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Off the rack

Jewish Theatre of the South gives Wholesale the hard sell


A line as thin as a thread separates I Can Get it For You Wholesale and How to Succeed in Business Without Really Trying. Both of the musicals from the 1960s explore what it takes to triumph in the business world, with How to Succeed (cleverly abbreviated as H2$ for its recent hit revival) taking a light and largely positive approach.

In Wholesale, however, corporate ambition is more of a tragic flaw than a cardinal virtue, and Harry Bogen's rise in the garment industry becomes more like something by Machiavelli than a Horatio Alger up-by-the-bootstraps story. Given uncomfortable material, the Jewish Theatre of the South's production of I Can Get it For You Wholesale proves often unsatisfying, although some of the songs and roles seem tailor-made for its cast.

Playing Harry Bogen, Gregory Thomas Isaac makes a superb musical leading man, the kind who can seem dynamic and masculine just by standing still with his feet planted at the right angle. Isaac's stage charisma makes his role a more intriguing protagonist, since Harry, intent on becoming a "Seventh Avenue Robber Baron," is morally dubious at best. When characters confront him with his misdeeds, Harry frequently sings reprises of early songs to distract them.

The first act shows how Harry sets himself up in the "rag trade," beginning by breaking a shipping clerk's strike and ingratiating himself with a fat cat named Pulvermacher (a slow-burning David Kleist). Eventually Harry steals Pulvermacher's best "cutter" (Thomas Liychik) and salesman (Jared Simon) and opens his own dress-making operation, called Apex Modes.

The song "Momma, Momma!" helps mark the passage of time, as Harry repeatedly visits his dear old mother (Teresa DeBerry) in her kitchen, showering her with increasingly lavish gifts. Jerome Weidman's book and Harold Rome's songs tend to set up a dichotomy between family values (the kind exemplified by homemade blintzes) and the temptations of money and pleasure found at dives like Club Rio Rhumba. Harry is torn between a gold-digging actress (throaty-voiced Hope Mirlis) and a nice Jewish girl from the old neighborhood (throaty-voiced Megan Cramer).

Director Lisa Mount and choreographer Jeff McKerley convey the hustle and bustle of the business, with "Ballad of the Garment Trade" following a whirlwind of delivery boys, cranky models, drunken buyers and nervous investors. But in more conventional dance numbers the steps tend to be pedestrian, like footwork clichés found in any musicals. The dancers may be inhibited by the presence of the orchestra pit nearly in the middle of the stage, like an open trapdoor.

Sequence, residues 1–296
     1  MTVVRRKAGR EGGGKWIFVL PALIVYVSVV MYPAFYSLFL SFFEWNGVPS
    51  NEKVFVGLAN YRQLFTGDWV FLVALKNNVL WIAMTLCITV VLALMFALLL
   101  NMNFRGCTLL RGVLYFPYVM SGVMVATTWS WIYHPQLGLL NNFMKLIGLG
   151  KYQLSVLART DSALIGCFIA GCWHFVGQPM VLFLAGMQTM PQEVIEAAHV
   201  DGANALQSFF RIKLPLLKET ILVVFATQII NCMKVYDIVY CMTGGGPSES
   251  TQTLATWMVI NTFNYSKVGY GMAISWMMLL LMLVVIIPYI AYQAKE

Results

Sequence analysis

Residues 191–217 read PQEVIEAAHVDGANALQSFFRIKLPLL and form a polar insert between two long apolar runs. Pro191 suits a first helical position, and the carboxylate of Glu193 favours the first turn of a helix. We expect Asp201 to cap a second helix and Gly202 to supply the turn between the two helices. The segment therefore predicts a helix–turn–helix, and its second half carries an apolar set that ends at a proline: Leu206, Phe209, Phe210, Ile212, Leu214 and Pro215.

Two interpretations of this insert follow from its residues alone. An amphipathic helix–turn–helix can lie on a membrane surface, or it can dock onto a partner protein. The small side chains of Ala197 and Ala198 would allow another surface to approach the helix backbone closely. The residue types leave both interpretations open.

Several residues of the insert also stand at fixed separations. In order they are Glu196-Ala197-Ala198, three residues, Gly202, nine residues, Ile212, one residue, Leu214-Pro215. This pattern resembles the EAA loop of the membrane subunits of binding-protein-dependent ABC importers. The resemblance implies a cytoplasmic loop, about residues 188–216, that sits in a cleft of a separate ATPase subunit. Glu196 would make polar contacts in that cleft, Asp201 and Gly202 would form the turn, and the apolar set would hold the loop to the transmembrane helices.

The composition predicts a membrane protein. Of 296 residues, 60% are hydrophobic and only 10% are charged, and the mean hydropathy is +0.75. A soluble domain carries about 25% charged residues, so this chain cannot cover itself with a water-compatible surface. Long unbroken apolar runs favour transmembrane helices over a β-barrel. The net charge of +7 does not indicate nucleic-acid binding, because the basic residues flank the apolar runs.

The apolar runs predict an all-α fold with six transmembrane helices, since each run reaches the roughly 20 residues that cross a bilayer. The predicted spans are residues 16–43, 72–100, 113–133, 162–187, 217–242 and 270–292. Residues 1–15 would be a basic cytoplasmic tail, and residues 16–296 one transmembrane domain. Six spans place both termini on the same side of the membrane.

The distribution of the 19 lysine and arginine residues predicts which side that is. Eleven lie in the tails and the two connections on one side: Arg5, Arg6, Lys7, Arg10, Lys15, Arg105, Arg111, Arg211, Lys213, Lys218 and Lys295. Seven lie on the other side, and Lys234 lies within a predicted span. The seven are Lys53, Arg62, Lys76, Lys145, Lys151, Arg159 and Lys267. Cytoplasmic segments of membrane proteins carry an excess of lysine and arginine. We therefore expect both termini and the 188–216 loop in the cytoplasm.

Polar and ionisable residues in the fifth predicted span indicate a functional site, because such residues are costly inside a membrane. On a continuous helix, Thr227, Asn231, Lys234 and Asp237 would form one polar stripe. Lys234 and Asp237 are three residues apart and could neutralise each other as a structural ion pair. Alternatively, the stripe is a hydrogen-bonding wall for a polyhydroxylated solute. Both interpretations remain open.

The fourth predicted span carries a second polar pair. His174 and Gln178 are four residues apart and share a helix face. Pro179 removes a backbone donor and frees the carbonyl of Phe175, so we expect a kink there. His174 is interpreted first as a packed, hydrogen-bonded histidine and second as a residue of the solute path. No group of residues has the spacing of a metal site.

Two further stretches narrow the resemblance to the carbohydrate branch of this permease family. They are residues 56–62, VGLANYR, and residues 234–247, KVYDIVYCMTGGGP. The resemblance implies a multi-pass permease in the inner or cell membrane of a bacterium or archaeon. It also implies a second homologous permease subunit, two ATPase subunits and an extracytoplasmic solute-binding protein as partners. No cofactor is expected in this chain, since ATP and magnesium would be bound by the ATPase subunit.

Though the JTS production has many talented and likable players, it rarely achieves the kind of exhilaration that the blending of song, dance and story calls for. Perhaps the most entertaining number is "The Family Way," with its overt evocations of Jewish culture and instrumental styles. But "A Gift Today," the bar mitzvah-themed song that opens the second act, does little to advance the story.

Jill Hames plays harried secretary Miss Marmelstein (the Broadway debut role of Barbra Streisand) and in her eponymous number she croons while gliding on a chair with wheels. As entertaining as Hames' comic relief can be, I prefer the forceful, angry notes she hits for the bitter battle cry, "What Are They Doing To Us Now?"

Liychik proves a likable nebbish, while Kleist and Simon make effective foils to Harry's vaulting ambition -- Simon shows a particular flair with pained, demonstrative facial expressions. The lead actresses fulfill the required traits of the characters: DeBerry nurtures, Mirlis vamps and Cramer embodies a wounded wholesomeness.

The lyrics will occasionally reveal a graceful turn of phrase, but few of the melodies are memorable and the contrived, upbeat ending hinges on what you could call a "Deus ex Pulvermacher." I Can Get It For You Wholesale gets hung up on its iffy show tunes and despicable hero, even though the Jewish Theatre of the South's production gives it the hard sell.

I Can Get it For You Wholesale plays through May 20 at Jewish Theatre of the South, Marcus Jewish Community Center of Atlanta, 5342 Tilly Mill Road, Dunwoody, with performances at 8 p.m. Thurs. and Sat. and 3 and 7 p.m. Sun. $18-22. 770-368-7469.

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